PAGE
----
The altercation between Weinstock and Judge Murphy created a remarkable national embarrassment for not only the judiciary of the State of Florida, but for its citizens as well.  Statewide and national newspaper and television media reported the public and violent confrontation between a presiding Judge who actually left the bench after saying he would “beat your ass” in the midst of a judicial proceeding, and the Assistant Public Defender who had defied and disrespected the Judge.

Although it stated “there was no doubt that the two men engaged in a scuffle or a fight” while they were in the hallway, where there were no cameras or witnesses, the panel did find not find clear and convincing evidence that the judge had struck Weinstock, as the public defender claimed.  Nevertheless, the panel concluded:

The dispute in Judge Murphy’s courtroom and the hallway was more than inappropriate.  It was aggressive and appalling.  Mr. Weinstock’s behavior deserved to be disciplined, but Judge Murphy’s comments to Mr. Weinstock were reprehensible.  Judge Murphy said “if I had a rock I would throw it at you right now.  Stop pissing me off.”…  “Sit down.” …  “If you want to fight, let’s go out back and I’ll just beat your ass.”…  “Alright you, you want to fuck with me.”

The panel recommended that the judge be suspended for 120 days without pay, fined $50,000, and publicly reprimanded; the final decision will be made by the Florida Supreme Court.  The judge has expressed “profound remorse.”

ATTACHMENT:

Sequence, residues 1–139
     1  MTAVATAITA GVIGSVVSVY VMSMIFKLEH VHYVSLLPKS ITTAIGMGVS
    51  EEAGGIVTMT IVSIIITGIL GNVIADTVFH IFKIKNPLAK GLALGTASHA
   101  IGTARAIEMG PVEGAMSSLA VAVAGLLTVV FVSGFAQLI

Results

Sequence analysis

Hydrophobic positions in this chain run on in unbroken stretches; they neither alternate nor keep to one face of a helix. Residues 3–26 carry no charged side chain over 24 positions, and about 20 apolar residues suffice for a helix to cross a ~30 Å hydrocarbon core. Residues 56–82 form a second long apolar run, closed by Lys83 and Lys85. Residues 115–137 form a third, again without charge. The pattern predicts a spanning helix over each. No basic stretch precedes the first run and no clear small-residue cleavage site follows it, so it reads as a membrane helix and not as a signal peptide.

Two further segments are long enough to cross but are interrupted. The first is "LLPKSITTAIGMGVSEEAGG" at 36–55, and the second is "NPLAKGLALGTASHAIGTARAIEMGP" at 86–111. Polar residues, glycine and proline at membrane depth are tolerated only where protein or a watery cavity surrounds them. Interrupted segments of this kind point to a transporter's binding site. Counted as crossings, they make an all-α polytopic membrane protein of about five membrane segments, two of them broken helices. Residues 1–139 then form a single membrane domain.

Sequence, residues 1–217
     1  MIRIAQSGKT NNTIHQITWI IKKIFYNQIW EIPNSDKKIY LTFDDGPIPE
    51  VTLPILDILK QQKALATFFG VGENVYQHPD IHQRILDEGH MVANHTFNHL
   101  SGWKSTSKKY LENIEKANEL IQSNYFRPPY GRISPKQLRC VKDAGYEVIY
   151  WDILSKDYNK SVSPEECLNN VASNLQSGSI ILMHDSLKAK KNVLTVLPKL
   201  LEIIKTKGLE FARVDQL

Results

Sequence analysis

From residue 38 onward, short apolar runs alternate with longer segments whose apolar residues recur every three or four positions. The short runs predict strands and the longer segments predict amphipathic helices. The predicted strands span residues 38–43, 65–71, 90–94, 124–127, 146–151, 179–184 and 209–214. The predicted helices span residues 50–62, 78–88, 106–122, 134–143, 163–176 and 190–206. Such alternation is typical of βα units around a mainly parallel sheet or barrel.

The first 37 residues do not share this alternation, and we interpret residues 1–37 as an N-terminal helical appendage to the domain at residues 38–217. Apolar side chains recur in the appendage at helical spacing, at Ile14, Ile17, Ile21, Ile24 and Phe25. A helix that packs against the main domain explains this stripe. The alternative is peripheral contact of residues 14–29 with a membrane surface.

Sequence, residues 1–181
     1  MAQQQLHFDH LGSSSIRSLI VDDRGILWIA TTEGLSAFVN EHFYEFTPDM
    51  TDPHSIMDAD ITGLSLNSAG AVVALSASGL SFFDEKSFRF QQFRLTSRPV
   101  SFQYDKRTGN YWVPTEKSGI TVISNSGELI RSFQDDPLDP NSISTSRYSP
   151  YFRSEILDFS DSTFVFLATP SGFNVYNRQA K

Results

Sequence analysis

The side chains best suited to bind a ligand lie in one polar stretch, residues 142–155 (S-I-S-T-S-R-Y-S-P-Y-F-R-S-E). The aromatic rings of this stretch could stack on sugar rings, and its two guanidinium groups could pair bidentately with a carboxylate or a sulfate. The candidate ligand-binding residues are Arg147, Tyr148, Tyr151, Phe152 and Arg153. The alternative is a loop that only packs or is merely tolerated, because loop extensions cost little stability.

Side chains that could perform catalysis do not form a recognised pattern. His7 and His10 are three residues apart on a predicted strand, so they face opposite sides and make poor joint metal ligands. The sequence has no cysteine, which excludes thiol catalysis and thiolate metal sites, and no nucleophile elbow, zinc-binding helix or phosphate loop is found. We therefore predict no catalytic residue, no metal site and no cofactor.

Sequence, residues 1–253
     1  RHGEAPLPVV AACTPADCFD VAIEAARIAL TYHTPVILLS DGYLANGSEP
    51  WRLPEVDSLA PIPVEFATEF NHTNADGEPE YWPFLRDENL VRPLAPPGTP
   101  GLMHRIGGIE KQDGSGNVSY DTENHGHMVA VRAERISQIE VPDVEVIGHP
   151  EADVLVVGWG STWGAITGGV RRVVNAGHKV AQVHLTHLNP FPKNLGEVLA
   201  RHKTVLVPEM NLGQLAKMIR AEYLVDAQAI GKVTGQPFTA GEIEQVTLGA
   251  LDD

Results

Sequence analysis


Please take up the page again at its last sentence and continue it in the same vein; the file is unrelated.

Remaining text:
An unusual aspect of the findings was the hearing panel’s announcement that it was “referring the entire transcript of these proceedings to The Florida Bar for an investigation and appropriate action.”  (The judge did not file a grievance against Weinstock at least before the hearing; the Bar had investigated the June 2014 incident, although it did not interview the judge, and given Weinstock a letter of advice.)  The panel noted that there had been substantial evidence admitted during its hearing that, in addition to the June 2014 incident, “Weinstock was generally rude, disrespectful, incompetent and a highly unlikeable lawyer.”  The panel emphasized that “it is significant that although Weinstock was generally held in disrepute among the judges and other people in the courthouse, no one chose to seek the intervention of or investigation by The Florida Bar.”  Another judge who testified had “candidly admitted . . . that even though Mr. Weinstock’s behavior had been consistently unprofessional before her and other judges in Brevard County, neither she nor any other judge in the courthouse had done anything to address it even as much as reporting their objections to his behavior to a supervisor in the Office of the Public Defender, or to the Florida Bar.”  It is interesting to speculate whether, if judges had taken some action in response to previous misbehavior by Weinstock, the “remarkable national embarrassment” for Florida could have been prevented.   The case should cause judges to consider whether there is a situation in their jurisdiction in which “a stitch in time could save nine.”

The day after the Florida panel’s findings (coincidentally, of course), the Mississippi Supreme Court urged a judge, an assistant public defender, and the county public defender “to ameliorate” their problems “so the judiciary may achieve the orderly administration of justice, the public may have confidence in the judicial process,” and defendants, victims, and their families “will not be deprived of fairness or justice due to personal issues.”  The judge, finding that the assistant public defender was incompetent and had engaged in sanctionable conduct, had appointed private counsel to represent the defendants in 55 cases instead, and the county public defender had filed a motion to recuse the judge.  The Court held that removing an assistant public defender from a case “is not a substitute for the bar complaint process,” noted that the judge had held no hearing, made not finding of contempt, and issued no sanctions, and concluded that the judge’s allegations of inappropriate conduct did not justify the extreme sanction of excluding the assistant public defender from all future cases before him.